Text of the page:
Making Room in Mumbai. New Proposal to Make High-Rises, Well, Higher

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Mumbai:  Higher, higher and still higher. That’s where Mumbai’s skyline seems to be heading if the financial capital’s civic body’s proposal to significantly increase floor space index or FSI for city’s Development Plan 2014-2034 is accepted. FSI is the ratio of a building’s total area to the measurement of land on which it’s constructed.

The Brihanmumbai Municipal Corporation or BMC has proposed that existing FSI which is between 1 and 1.33 and in place for the past 20 years, can go up to as high as 8. If a building had 4 floors it could now technically have 32. That will depend on the zone in which the development project is taking place. Earlier, the FSI was largely a standard formula. Now, for the first time a variable character has been accorded to it and the FSI will be determined by how close it is to a transportation hub like a railway or a metro station.

Under the new scheme, 58.1% of the city falls under FSI 3.5 and 31.9% area can avail FSI 5. Larger FSI of 6.5 and 8 will only be awarded to about 5% of those zones which are close to employment hubs.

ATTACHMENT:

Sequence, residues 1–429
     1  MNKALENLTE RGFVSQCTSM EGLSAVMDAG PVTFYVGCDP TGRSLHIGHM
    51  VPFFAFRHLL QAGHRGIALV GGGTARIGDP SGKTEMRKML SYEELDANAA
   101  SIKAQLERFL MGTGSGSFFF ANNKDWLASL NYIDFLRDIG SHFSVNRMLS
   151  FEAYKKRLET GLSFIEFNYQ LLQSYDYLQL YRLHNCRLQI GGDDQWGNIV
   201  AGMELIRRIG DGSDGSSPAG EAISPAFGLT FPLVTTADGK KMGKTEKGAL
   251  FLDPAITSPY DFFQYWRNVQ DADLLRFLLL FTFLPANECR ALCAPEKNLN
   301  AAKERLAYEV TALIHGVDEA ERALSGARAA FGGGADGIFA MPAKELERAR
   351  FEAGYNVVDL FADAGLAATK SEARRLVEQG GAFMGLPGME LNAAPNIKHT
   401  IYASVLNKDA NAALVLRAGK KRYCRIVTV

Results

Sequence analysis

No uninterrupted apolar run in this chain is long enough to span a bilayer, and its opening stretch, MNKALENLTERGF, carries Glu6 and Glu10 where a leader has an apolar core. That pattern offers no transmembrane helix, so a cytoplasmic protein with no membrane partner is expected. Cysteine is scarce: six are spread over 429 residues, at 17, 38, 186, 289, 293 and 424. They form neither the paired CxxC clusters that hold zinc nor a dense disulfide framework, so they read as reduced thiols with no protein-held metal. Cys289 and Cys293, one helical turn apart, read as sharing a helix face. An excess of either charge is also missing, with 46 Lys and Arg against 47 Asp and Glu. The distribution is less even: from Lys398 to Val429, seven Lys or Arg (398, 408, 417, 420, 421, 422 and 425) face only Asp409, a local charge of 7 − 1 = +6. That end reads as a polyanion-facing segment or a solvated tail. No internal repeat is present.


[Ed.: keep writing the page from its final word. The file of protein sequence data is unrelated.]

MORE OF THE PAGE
“We looked at lessons we have learnt from the past. Earlier we believed that by keeping the FSI under control we would be able to control the population. But that did not happen,” Sitaram Kunte, BMC commissioner told media.

The demand to increase FSI has been a longstanding one spearheaded by the builders lobby which welcomed the move reiterating that it was essential as the city was starved for space. Mr Kunte argues that another reason for the new proposal was that more supply will lower real estate prices.

“Commercial rates at one point went through the roof and it was compared to rates in New York. This was not a happy situation. It was a failed premise and concept. So we decided to jettison it and go for a fresh approach,” Mr Kunte said.

On Wednesday, corporators will be given the proposal and following public hearings it will be passed by April, sources said. However, urban planners have raised concern whether the city has the infrastructure like sewage systems, roads, and transport services to take the additional load.

Incidentally, Shanghai and New York – two cities of skyscrapers – both have an FSI of 13 and 15 respectively.

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